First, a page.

With In A Lonely Place ticked off, I have now seen three of the four Nicholas Ray films on the 1001 list. All I have left to see is Rebel Without A Cause, which is arguably one of the most iconic films to come out of the 1950s. How will that stand up to In A Lonely Place, Johnny Guitar and Bigger Than Life? Who knows, but it certainly has a lot to live up to.

XL Popcorn – Johnny Guitar

List Item: Watch all of the “1001 Movies You Must See Before You Die”
Progress: 598/1007
Title: Johnny Guitar
Director: Nicholas Ray
Year: 1954
Country: USA

If, like myself, you are a gamer you’ll have heard Johnny Guitar‘s main theme on one of the Fallout: New Vegas radio stations. My first exposure to this film was as a side-mention on The Celluloid Closet – a documentary about the representation of LGBT in Hollywood movies. Now that I have seen it… I am not too sure I get the LGBT vibe from this film, which probably means it’s more obvious in the book.

Anyway. I object to this film being called Johnny Guitar. He is not the main character in this film or, to be honest, one that matters too much. The central figure is Vienna, a bar and gambling den owner in the Old West who counts a known outlaw amongst her clientele. She is the film. I know that the central role of Vienna will, in part, be Joan Crawford ensuring her own screentime, but she was the person who secured the rights to the novel… so fair enough really.

Now, whilst Johnny Guitar is technically a western it did not always feel like one. It manages to tick the boxes by having a shoot-out, a number of explosions and a scene where criminals are hanged, but there’s more than this.

As engrossing as this film is it can feel like it has been shot in a version of a heightened reality. Maybe a lot of this is due to the particular nature of Joan Crawford herself. Her character is fascinating to watch, but she sure does feel out of place in the Johnny Guitar world. Everything is so purposeful and you can tell someone with a precise eye put some of the shots together; the shot with the piano immediately springs to mind.

Oh and how could I forget the character of Emma. Seriously, this woman has some huge hatred for Vienna and, for me, it’s never explained in a way that truly satisfied me. In essence, her blind hatred and indomitable need to destroy Vienna is meant to show up the McCarthy witch hunts of the time. She has it out for Vienna and knows just which political buttons to push and which people to intimidate in order to get her way.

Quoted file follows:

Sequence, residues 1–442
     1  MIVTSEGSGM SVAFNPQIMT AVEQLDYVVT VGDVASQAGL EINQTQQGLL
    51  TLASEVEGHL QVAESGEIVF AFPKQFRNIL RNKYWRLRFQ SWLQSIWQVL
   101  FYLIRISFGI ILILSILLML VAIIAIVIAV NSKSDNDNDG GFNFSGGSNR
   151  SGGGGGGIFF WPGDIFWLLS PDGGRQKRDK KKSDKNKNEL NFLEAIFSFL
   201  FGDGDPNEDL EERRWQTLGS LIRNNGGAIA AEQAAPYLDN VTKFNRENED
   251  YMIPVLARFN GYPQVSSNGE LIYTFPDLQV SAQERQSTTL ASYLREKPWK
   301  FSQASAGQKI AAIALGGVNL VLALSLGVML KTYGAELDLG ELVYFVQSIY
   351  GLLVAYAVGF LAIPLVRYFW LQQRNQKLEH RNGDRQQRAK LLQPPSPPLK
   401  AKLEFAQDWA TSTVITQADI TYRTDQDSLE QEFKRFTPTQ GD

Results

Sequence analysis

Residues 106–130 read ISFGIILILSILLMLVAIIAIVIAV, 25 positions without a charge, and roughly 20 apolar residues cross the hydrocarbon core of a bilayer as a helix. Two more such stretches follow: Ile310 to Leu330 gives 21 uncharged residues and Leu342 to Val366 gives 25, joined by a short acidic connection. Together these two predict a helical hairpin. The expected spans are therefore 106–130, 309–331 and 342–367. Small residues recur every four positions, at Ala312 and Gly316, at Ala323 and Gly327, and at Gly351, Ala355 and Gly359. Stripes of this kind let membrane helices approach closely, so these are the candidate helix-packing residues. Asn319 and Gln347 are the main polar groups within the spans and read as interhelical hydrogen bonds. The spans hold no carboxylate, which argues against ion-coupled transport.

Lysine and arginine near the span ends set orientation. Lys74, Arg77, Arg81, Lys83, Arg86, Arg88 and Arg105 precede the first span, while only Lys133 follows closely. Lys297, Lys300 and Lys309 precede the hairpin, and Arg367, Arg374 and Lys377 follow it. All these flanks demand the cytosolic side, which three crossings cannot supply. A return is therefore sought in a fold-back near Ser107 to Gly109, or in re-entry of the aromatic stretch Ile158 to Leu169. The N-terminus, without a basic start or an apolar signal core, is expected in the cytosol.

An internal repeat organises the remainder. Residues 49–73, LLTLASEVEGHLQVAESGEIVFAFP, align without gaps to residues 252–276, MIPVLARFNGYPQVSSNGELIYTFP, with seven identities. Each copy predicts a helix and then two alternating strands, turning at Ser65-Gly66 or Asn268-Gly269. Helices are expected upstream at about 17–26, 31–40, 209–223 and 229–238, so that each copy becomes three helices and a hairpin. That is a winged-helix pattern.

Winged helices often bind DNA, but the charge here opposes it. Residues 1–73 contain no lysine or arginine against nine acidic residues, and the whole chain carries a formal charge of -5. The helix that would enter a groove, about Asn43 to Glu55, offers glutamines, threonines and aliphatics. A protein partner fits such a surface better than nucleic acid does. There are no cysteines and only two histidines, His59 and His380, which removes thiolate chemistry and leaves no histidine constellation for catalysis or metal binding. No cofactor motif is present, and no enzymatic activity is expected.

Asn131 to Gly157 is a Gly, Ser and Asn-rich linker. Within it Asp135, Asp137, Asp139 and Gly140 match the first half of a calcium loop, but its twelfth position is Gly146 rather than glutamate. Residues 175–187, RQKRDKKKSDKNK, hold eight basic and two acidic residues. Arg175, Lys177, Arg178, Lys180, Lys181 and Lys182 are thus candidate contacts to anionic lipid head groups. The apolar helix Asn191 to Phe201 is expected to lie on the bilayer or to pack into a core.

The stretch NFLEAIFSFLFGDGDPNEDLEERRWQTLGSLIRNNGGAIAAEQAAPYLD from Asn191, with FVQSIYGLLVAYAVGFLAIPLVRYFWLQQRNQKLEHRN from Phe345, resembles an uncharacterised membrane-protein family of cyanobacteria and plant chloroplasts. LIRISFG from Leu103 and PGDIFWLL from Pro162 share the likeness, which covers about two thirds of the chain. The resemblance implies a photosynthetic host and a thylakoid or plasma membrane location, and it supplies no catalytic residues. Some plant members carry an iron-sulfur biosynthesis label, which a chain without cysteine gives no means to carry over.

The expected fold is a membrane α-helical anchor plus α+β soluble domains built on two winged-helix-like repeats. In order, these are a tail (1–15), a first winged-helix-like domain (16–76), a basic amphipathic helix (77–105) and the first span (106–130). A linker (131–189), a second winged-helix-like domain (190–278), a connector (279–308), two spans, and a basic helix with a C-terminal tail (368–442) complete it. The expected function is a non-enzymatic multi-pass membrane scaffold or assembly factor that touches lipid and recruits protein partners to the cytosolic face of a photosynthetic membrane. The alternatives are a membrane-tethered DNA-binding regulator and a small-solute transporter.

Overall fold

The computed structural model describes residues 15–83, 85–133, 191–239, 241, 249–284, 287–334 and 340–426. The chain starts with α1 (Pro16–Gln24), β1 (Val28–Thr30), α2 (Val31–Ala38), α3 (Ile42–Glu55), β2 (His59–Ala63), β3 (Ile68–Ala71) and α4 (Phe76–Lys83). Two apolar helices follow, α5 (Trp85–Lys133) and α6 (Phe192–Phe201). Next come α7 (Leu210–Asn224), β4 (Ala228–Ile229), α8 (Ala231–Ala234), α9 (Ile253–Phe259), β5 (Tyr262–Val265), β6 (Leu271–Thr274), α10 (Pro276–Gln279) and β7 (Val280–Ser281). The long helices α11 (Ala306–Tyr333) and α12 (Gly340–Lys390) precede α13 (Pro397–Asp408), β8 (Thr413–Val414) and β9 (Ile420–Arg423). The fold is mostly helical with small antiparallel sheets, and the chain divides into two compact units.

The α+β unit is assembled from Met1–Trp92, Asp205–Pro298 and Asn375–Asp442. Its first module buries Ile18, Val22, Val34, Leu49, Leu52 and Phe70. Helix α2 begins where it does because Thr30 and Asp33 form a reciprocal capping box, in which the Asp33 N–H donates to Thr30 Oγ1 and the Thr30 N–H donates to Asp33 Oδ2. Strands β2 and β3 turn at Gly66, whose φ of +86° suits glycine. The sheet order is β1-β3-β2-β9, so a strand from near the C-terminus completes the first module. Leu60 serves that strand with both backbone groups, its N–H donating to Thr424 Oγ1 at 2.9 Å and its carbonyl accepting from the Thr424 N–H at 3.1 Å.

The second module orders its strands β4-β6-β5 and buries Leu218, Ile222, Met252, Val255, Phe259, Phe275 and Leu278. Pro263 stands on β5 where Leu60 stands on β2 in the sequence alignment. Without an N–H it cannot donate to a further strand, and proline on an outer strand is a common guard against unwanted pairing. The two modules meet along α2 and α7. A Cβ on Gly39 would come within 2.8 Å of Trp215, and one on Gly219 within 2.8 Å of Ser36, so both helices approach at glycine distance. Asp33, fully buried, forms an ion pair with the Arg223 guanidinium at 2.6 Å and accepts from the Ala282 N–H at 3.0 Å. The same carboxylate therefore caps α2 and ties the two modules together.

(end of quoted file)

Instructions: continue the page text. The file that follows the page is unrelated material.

It is an odd little film, but my how the time flew as I watched it.

XL Popcorn – Bigger Than Life

List Item: Watch all of the “1001 Movies You Must See Before You Die”
Progress: 584/1007
Title: Bigger Than Life
Director: Nicholas Ray
Year: 1956
Country: USA

We take for granted that there are many films being made at the moment that are able to deal with concepts like mental health and addiction. In fact, if you want to get an Oscar nomination, many actors gravitate to these sorts of roles. However, back in the 1950s these films were not commonplace.

Films like The Snake Pit and The Lost Weekend were able to make such an impact not only because they were great films but also because they brought to the mainstream topics that we don’t tend to talk about in polite society. The same thing can be said about Bigger Than Life which deals with prescription drug addiction and, eventual, psychosis.

Not enough can be said about how fantastic James Mason is in this film. He portrays Ed, a school teacher who is prescribed cortisone to help treat a condition that would eventually kill him. We now know what can happen when people are given high doses of cortisone for a long period of time – when this film is set these side-effects were only just starting to emerge.

The main side effects we see here are mood swings, depression, anxiety, change in personality and the eventual psychosis that ramps up in the film’s final act. Mason has to bring his character through all of these changes that make him going from being a generous and hard working man to an abusive and high-handed man.

There is a scene in a parent-teacher conference that feels like one of the moments where Ed is starting to cross lines he would have never crossed before. As a former teacher I can understand that some of his comments are things he always felt (like how one of his young students could be outsmarted by a gorilla – that made me laugh) but then there is one quote I found particularly interesting:

“Childhood is a congenital disease – and the purpose of education is to cure it.”

You can plot the rest of the film (including his literal and rather shocking interpretation of The Binding of Isaac) from this statement. His continuing breakdown and abuse of his wife and son all stem from this idea of his. The more you listen to him the more and more fascist some of his outbursts become. In 1955, that will have been downright shocking.

Speaking of shocking, the penultimate sequence of this film with its carnivalesque music in the background is fantastically done. You fear for the wife and son as Ed goes through a complete psychotic break is palpable.

It’s only when you remember this is James Mason and the year of production is 1956 that you are able to discount certain outcomes. Still, this is one of those films that feels nearly forgotten and it’s a downright shame.